It makes no difference whether a good man has defrauded a bad one or vice versa, nor whether a good man or a bad man has committed adultery; all that the law considers is the difference caused by the injury; and it treats the parties as equals, only asking whether one has committed and the other suffered an injustice, or whether one has inflicted and the other suffered a hurt.41
39 Against Ktesiphon, 3.22.
40 Thucydides, 2.37.1.
41 iV. Ethics, V, iv, 1132a2-7; see ch. 4, this volume.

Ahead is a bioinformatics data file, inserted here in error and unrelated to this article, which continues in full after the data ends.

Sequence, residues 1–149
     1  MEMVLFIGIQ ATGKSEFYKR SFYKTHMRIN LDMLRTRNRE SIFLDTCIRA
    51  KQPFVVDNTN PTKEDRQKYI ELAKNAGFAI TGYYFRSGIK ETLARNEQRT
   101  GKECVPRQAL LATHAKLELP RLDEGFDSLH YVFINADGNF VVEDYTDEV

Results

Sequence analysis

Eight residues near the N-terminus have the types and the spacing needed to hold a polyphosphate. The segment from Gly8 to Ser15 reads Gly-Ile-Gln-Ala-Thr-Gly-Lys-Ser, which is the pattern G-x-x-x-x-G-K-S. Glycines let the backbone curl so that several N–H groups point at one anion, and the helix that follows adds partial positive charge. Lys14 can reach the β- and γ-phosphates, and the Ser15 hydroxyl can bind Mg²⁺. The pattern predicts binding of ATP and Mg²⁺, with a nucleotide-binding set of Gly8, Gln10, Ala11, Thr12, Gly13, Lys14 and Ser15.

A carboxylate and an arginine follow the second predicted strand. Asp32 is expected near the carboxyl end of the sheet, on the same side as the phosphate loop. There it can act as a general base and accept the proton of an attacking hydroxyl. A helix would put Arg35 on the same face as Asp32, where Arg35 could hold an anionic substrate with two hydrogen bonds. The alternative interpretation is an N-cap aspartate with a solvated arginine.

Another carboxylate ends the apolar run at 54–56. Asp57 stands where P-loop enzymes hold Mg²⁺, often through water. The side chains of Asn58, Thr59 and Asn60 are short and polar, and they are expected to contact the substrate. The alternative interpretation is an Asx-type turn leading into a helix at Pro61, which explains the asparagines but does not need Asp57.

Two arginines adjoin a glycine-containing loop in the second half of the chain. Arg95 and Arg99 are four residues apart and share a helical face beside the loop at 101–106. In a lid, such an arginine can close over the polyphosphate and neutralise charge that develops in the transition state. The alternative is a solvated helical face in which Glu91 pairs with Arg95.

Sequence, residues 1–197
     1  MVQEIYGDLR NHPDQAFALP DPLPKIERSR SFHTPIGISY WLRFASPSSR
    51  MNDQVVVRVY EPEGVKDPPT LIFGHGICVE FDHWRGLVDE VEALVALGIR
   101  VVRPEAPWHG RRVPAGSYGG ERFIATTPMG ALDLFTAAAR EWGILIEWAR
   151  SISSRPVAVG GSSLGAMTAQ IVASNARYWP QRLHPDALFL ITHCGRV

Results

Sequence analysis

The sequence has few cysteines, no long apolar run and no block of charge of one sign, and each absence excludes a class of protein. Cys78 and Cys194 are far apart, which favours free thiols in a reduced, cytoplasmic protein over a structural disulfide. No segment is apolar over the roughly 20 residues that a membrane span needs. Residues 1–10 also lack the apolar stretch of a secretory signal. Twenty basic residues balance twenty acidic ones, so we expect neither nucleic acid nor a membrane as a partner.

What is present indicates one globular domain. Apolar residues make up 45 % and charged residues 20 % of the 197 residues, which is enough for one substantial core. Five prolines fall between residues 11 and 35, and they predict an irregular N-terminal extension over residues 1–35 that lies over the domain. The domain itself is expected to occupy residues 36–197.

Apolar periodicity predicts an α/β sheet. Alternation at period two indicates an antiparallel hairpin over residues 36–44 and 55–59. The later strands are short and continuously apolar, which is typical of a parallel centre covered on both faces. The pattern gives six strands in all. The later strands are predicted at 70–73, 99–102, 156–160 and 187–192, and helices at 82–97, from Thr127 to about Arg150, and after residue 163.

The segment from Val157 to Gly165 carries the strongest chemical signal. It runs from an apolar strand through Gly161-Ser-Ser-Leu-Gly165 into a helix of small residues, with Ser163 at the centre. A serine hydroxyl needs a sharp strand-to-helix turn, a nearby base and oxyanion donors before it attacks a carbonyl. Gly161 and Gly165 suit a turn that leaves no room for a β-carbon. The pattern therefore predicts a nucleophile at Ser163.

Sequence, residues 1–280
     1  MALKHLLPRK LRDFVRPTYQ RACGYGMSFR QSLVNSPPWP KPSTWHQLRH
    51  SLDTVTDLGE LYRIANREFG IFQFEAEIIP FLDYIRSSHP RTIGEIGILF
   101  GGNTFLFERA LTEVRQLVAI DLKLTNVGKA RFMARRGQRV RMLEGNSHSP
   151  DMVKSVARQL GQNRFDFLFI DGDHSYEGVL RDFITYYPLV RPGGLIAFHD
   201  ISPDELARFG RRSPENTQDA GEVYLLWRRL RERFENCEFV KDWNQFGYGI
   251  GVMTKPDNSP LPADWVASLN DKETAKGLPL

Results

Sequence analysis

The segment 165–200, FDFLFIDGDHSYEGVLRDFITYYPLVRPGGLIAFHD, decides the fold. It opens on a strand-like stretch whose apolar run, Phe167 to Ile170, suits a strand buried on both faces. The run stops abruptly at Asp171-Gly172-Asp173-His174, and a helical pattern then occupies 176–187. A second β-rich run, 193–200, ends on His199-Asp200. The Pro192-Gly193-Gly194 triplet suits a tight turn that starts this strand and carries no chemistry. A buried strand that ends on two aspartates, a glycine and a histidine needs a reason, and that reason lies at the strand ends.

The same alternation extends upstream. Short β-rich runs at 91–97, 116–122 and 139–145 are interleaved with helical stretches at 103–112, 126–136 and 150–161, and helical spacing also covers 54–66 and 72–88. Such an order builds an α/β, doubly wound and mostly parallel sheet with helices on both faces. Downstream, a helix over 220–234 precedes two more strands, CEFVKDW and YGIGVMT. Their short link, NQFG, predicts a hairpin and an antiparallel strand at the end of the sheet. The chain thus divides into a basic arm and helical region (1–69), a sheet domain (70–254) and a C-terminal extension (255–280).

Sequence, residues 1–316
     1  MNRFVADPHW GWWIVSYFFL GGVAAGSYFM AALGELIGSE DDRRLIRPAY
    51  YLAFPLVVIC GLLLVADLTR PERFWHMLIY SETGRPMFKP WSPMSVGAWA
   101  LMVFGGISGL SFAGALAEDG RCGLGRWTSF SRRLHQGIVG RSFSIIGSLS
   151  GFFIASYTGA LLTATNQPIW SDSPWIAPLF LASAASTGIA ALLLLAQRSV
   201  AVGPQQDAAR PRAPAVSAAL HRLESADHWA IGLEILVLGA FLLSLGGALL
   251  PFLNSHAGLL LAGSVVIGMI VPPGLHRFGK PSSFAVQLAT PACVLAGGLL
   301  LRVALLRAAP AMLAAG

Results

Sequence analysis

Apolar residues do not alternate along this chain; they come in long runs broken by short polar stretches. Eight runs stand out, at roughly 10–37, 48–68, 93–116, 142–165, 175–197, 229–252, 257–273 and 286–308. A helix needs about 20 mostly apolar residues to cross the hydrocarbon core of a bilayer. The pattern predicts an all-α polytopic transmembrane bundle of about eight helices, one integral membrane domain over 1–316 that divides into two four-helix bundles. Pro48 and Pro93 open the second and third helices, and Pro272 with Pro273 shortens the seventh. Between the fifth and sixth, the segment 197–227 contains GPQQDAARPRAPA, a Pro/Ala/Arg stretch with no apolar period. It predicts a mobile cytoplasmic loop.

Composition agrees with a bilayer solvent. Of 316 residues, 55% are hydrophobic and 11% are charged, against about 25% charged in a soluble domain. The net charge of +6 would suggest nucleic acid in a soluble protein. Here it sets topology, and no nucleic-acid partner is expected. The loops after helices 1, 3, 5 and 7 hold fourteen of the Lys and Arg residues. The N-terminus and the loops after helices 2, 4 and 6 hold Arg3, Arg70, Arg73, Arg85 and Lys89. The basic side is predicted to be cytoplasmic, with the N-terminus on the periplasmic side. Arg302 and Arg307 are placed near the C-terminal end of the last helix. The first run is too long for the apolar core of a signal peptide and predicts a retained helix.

What seems not to have been argued in democratic Athens was that all men were equal by nature in the sense that all men were the same. Satisfied with political arrangements that secured legal equality, and ever-concerned with political stability, Athenians for the most part accepted economic inequality. No one deserved to be poor but some had the ill luck to be so. They also accepted an inequality of talents and temperament,42 as is clear from Perikles' reference to merit. The latter was often fostered by what was clearly a differential in the kind of wealth that could sustain more than average leisure for political engagement on the part of the ambitious who sought leadership and prominence through debate in the Assembly. Observing retrospectively the behaviour of those who chose to exercise their freedom to speak in Assembly, democrats were willing to reward those who deployed their leisure in such a way as obviously to give more valuable advice than others. To speak in the Assembly was acknowledged to require more than mere leisure; it required either natural talent or training and the will to put these to public use. As Demosthenes insisted in the fourth century,43 Athenian democratic freedom was preserved by the competition of virtuous men for public honours. It was only anti-democrats who stressed that democracy meant a belief in the equality of nature in the sense of an equality of talent, intellect and ambition,44 giving the impression that democrats had no interest in recognizing that some men had proven themselves to be more worthy of public recognition than others.